Bruno Latour: "Designing Nature: Life in the Artificial Spheres"

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Latour, Bruno. "Designing Nature: Life in the Artificial Spheres." Keynote address, Networks of Design, annual international Design History Society Conference, Penryn, UK, September 3, 2008.

Key Words: (re)design, Desein, visual, Peter Sloterdijk, matters of concern, Bauhaus

Other Words: spheretology,

NB: These notes are very rough. Please see Latour's forthcoming paper for a more accurate and comprehensive presentation of his ideas.


Abstract (published in the catalogue): Taking its cues from the crucial work of the German philosopher Peter Sloterdijk, this paper will draw on the idea that design has now become the artificial, careful, precautionary and innovative construction of breathable spheres of life. This is of course a classical definition of architecture but it has today a particular feature of including nature itself in the domain of the artificial to be designed. It also has the problematic trait of trying to reconcile tow opposite modernist passions: that of radical innovations and that of care and caution. Finally it makes design on f the new words for political assemblies, a connection that was not so common during modernism. “Political design’ is highly a problematic term.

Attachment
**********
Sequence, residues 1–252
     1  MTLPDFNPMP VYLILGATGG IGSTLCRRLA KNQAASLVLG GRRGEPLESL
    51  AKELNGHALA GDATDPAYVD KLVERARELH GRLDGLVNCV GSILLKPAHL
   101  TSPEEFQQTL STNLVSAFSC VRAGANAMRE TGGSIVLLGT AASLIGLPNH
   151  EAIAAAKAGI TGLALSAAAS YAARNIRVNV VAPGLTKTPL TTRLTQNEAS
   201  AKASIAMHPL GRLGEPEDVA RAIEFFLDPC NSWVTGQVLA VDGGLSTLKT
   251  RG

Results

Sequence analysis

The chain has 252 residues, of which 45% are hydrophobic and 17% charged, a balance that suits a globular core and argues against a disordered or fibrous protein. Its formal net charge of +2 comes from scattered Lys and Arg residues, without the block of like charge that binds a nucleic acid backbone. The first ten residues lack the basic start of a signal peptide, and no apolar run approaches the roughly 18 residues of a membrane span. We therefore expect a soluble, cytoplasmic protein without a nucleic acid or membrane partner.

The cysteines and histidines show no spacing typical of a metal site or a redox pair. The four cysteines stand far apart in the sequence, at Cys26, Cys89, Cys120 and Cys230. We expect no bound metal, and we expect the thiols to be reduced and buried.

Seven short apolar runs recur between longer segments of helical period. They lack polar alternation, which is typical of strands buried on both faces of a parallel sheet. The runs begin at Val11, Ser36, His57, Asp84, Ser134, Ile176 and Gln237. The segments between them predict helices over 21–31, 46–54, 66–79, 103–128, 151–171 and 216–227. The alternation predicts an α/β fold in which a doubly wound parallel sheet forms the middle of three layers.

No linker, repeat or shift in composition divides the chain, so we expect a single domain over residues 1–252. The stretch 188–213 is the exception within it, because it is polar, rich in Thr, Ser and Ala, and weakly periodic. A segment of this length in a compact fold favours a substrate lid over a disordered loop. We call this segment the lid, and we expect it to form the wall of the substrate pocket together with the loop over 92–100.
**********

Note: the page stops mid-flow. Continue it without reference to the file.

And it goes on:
To warm up the crowd, Latour quipped something to this effect: “Like so many other keynotes about design, my talk aims to reinvent the discipline. Why is this such a compulsion?” Perhaps it’s because design being a vague concept, something Latour claimed he would expand on through five points. Cinzia, Michaela and I were hard pressed, however, to identify all of them clearly. (Not that it really matters, though it’s interesting to note how he conjugates ideas through multiple PoV. The same can be observed in five sources of uncertainty explored in Reassembling the Social) Indeed, others in attendance commented afterwards that they had “No idea what Latour was talking about.” One audience member (Marc Garrett to be exact) even went to so far as to say the sociologist was talking to the wrong constituency.

Point One: Design implies humility: there is no design, only (re)design The term “design” seems to have replaced “revolution” So design is precautionary Latour won’t make a distinction between “designing” and “making”; though he sees a critical distinction between “designing” and “creating” Design is post-Promethian action

Modernist design: Was concerned with objects Here matter is obscured into meaning The modernist globe has been deflated Two conflicting narratives united through explication 1. Attachment 2. Emancipation Objects were treated badly under Modernism and we still need to come to terms with them. (Matters of concern are concerned with matter, viz. stuff [DING]) Nature has disappeared - How could human existence be better designed?

Contemporary design: Complex assemblies of complex issues